Officials with the agency charged with investigating police misconduct have yet to identify any victims as part of their probe of allegations that more than one officer assigned to a West Side police station had sexual contact with at least one of the migrants forced to sleep on the floor of the station after arriving in Chicago from the southern border.
Civilian Office of Police Accountability Andrea Kersten said Tuesday her agency launched a “broad” probe on June 6, immediately after officials received a formal complaint from a city employee. That complaint named a Chicago police officer and accused him of having “sexual contact with an unidentified, underage, female migrant and indicated that several other unidentified officers from the 10th District may have also been engaged in similar misconduct.”
Those allegations had apparently been “circulating amongst various CPD and Office of Emergency Management and Communications officials,” via text message, Kersten said.
The probe by the Civilian Office of Police Accountability, known as COPA, remains ongoing, Kersten said. Hours after the sexual misconduct allegations became public, Mayor Brandon Johnson’s administration moved all of the migrants out of the Ogden (10th) Police District headquarters, which patrols Lawndale and Little Village, where the officers under investigation are assigned to work.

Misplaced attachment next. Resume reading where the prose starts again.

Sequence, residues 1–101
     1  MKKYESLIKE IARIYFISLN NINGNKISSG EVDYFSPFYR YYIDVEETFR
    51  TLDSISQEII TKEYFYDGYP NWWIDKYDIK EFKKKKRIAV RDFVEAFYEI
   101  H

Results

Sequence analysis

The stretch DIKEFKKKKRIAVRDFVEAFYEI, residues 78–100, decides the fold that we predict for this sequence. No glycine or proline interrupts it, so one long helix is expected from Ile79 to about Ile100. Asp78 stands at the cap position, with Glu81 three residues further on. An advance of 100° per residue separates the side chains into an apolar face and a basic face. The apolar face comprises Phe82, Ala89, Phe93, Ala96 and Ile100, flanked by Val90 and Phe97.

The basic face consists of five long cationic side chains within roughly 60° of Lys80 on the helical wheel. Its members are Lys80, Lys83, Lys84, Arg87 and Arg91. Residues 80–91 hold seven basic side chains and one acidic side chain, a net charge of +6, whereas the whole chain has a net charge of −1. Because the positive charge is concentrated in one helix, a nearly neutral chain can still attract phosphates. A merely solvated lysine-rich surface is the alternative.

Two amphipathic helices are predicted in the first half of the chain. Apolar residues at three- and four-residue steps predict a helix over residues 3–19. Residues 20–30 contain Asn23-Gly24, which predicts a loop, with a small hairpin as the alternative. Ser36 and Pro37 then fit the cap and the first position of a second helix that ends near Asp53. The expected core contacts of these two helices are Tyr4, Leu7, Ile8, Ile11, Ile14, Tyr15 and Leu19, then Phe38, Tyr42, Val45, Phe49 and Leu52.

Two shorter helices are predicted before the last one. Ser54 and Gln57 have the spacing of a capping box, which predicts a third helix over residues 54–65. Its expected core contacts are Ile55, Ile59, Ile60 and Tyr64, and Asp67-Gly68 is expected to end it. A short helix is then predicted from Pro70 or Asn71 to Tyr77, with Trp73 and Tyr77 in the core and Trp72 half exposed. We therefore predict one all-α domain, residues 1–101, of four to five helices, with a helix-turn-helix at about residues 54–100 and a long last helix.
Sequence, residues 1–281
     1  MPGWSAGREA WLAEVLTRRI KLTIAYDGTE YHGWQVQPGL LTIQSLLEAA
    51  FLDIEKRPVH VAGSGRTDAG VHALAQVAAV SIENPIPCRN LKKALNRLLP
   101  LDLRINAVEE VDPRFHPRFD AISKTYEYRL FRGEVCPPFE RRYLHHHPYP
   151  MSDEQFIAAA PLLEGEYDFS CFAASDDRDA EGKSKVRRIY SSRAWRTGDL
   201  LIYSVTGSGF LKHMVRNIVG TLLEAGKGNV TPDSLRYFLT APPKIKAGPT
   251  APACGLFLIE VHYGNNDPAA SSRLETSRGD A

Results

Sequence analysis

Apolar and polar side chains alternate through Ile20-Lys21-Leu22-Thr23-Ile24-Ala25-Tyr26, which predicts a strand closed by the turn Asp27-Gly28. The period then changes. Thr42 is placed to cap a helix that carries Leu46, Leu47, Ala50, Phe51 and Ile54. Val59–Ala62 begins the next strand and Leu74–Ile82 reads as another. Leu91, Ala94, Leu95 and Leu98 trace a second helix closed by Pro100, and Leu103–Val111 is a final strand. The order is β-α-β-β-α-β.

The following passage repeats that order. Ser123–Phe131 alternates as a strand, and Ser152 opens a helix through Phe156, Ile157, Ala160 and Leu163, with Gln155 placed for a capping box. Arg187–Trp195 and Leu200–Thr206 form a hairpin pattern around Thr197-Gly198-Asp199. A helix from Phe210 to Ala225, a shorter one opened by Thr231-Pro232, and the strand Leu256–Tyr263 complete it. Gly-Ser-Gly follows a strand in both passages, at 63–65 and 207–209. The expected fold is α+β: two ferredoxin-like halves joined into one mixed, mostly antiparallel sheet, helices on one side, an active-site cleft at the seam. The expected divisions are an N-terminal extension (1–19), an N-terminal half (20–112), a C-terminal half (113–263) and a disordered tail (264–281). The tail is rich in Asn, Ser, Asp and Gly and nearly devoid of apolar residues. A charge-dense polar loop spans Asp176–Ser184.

However, COPA has not gathered enough evidence to recommend that Interim Police Superintendent Fred Waller strip the officer of his badge and police powers, Kersten said.
During the probe, investigators received a similar complaint against an officer assigned to the Town Hall (19th) Police District headquarters, where officers who patrol Lakeview, Lincoln Park, Roscoe Village, Uptown and Ravenswood are assigned, Kersten said.
Neither the officer in that complaint nor the victim in that case have been identified, Kersten said.
In all, nearly two dozen complaints have been filed against officers, most involving verbal abuse, for their handling of the arrival of more than 11,000 migrants in the past 11 months, most of them from Central and South America, in Chicago, Kersten said. Most arrived on buses sent by Republican Texas Gov. Greg Abbott.
Kersten acknowledged that it was highly unusual for her to speak publicly about a misconduct investigation before its resolution, but said the level of public attention required “an open and transparent communication from COPA about the current state of our investigation.”
Chicago Mayor Brandon Johnson vowed again Monday to move the 905 men, women and children still being forced to sleep on the floor of police stations across the city and at O’Hare and Midway airports into shelters as quickly as possible.
The migrants are waiting for beds to open up in one of 12 city shelters, which are now housing more than 5,313 people, according to city data.
As city officials scramble to feed, clothe and care for the migrants — while working to find them permanent homes — two of the largest shelters will have to close in the coming weeks as the City Colleges of Chicago prepare to welcome students back for the fall term, which starts Aug. 24.
Nearly 800 families are living at Daley City College on the Southwest Side and at Wright City College in Dunning on the Northwest Side, according to city data.